Tuesday was the final day that comments could be posted on news stories at NPR.org. The decision was announced one week prior by ombudsman and public editor Elizabeth Jensen, who quoted NPR's managing editor for digital news, Scott Montgomery:
"We've reached the point where we've realized that there are other, better ways to achieve the same kind of community discussion around the issues we raise in our journalism."
Not surprisingly, the decision didn't sit well with many of those who posted 3,375 comments to the announcement. Among them was someone who self-identified as "Abbi Baily":
"This is the only place I've found where it is (was) possible to have an intelligent, fun conversation about politics, science, history or philosophy, where a professor of said subject is at your virtual elbow to recommend further reading or correct bad grammar."
That was just one of 32,200 comments Abbi Baily had posted at NPR.org. And it drew a response from The Original DB, whose image is that of a chimp. The reply represented the 4,530th time The Original DB posted a comment. And it drew a reaction from Running Dog, who had 9,987 comments to his credit.
The three evidenced something else reported by NPR's Jensen. She wrote that in July, NPR.org recorded nearly 33 million unique users, and 491,000 comments, but that those comments came from just 19,400 commenters, which translates to just 0.06 percent of all users. Moreover, NPR determined that for the months of June and July, just 4,300 users posted about 145 comments apiece - or 67 percent of all comments for those two months!
At least many of the NPR comments were civil compared with what I've seen elsewhere. Take, for example, those who posted comments to Chris Cillizza's The Fix blog at the Washington Post, which is where I first read the news about NPR. Cillizza opined: "This is terrific news. And, all other major media organizations should follow NPR's lead." His view drew a caustic response.
"It's hard to blame Cillizza for hating comments sections. As a lazy facile writer, all of his pieces attract negative and personal comments."
"Chris Cillizza is a tool for suppressing free speech everywhere."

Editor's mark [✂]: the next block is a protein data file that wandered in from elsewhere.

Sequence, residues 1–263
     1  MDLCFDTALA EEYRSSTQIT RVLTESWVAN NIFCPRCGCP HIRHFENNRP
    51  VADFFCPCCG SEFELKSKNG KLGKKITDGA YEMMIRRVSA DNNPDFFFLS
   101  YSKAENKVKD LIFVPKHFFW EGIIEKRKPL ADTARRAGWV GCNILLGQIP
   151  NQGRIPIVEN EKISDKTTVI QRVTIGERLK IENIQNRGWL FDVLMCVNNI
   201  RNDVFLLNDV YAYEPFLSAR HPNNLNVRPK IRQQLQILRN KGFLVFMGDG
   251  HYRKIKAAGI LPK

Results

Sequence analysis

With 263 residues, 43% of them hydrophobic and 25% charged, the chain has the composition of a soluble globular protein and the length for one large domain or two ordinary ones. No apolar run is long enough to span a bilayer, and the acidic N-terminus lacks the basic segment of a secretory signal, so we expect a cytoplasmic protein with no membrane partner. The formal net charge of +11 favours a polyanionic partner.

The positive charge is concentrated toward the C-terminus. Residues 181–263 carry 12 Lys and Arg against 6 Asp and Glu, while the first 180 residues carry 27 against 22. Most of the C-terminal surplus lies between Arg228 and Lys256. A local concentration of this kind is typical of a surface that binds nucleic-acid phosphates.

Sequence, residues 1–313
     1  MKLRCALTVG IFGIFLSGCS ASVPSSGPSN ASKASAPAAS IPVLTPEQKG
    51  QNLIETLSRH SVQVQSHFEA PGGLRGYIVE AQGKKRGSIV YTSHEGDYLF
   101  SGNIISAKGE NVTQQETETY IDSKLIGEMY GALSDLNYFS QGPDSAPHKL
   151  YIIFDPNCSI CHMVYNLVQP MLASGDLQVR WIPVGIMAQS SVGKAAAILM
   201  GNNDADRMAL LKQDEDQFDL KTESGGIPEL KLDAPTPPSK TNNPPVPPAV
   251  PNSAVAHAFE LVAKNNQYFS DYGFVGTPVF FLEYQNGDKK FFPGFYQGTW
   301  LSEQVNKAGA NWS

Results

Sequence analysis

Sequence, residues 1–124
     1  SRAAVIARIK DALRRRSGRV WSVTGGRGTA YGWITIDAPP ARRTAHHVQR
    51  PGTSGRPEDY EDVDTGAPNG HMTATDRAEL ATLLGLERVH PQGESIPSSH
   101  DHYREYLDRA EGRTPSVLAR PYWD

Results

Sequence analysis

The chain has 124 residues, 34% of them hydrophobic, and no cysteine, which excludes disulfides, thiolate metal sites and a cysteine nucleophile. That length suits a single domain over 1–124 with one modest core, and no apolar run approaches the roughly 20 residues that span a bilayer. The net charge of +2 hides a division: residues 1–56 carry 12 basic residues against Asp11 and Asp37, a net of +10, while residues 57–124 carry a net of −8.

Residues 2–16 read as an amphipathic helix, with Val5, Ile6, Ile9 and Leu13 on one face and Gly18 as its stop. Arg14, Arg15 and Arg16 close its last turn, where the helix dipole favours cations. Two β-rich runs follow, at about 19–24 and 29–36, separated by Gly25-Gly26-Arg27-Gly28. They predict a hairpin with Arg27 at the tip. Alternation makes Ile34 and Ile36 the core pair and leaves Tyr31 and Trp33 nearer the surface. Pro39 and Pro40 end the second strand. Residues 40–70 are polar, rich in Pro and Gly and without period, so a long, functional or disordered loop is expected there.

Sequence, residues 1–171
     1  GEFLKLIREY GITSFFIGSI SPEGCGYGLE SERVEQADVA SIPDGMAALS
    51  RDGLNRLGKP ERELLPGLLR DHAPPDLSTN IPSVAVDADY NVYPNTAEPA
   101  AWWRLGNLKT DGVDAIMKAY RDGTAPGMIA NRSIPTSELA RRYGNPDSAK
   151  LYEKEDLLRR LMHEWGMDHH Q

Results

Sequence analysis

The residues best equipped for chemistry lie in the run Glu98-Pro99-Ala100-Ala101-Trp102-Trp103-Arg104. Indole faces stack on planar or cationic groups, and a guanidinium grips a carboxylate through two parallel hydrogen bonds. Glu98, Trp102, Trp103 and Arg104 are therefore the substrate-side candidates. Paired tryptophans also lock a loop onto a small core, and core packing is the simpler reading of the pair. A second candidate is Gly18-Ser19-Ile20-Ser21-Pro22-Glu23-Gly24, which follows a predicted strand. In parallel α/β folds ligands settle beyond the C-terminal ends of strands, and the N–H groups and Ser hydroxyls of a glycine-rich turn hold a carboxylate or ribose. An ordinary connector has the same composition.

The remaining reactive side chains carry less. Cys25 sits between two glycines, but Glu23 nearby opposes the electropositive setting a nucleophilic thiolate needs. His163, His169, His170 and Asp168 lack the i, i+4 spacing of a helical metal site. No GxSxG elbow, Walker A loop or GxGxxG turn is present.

And "Nickotime" said: "If I wrote Cillizza's garbage I'd want comments gone, too."
These comments proved something Cillizza told me when we discussed NPR's move.
"It's the loudest, often most obnoxious person in the room with the most time to dedicate so they will always outlast you unless you are willing to stay online and fight with them 22 hours a day," he said.
Cillizza bristled at the argument that he is advocating the stifling of free speech, and said that role is actually played by those who take over news sites and don't allow room for a casual observer, who would be afraid to jump in during the level of routine vitriol.
It's been years since I read any of the comments appended to my own column. When I did so long ago, I found them to be largely angry, uncivil, and unresponsive to the merits of whatever I was arguing, and not worthy of a response, especially when commenters hide behind pseudonyms. I've always suspected what NPR confirmed - that comment boards are dominated by a tiny sample of the readers at large who don't represent anyone but themselves.
Please don't misunderstand. I welcome debate, which I prove for 15 hours every week while hosting a nationwide radio program. My studio's nine toll-free telephone lines are usually full with callers of every political stripe from all across the country who are interested in discussing issues of the day.
Here's a secret: If you want to butt the line, just tell my screener you disagree with my position. She will alert me, increasing the odds that I will speak to you sooner than later. She knows I look for disagreement, but with a caveat: It has to be civil discourse. Not sanitized, just reasonable. I don't name-call, and I expect my audience to behave likewise. Thankfully, my SiriusXM callers comply. I have no recollection of when I last needed to hang up on a caller who was abusive. I know it hasn't happened during this contentious campaign, which says a lot.
While the internet has made our lives exponentially easier, the use of technology is not without its drawbacks. One liability is the beer muscles some grow when given the opportunity to express themselves anonymously. Just like the drunk who has an inflated measure of his power at closing time, many bloggers adopt a tone and say things online that they would never offer if their faces were seen and identities known.
I know, because when not typing out a column on a computer, or sitting in front of a radio microphone or television camera, my day-to-day life is filled with plenty of encounters with newspaper readers, radio listeners, and television viewers who seek to engage me on news headlines or opinions I have expressed. To a person, those with whom I have spoken while pumping gas, grocery shopping, or at a back-to-school night are courteous and engaging. Do they always agree with me? Of course not. Nor do those with whom I share a Thanksgiving table.
Our political dialogue is far too coarse. Nasty, anonymous comments are a significant part of a much bigger problem, but one aspect we can easily control. Let's unplug them.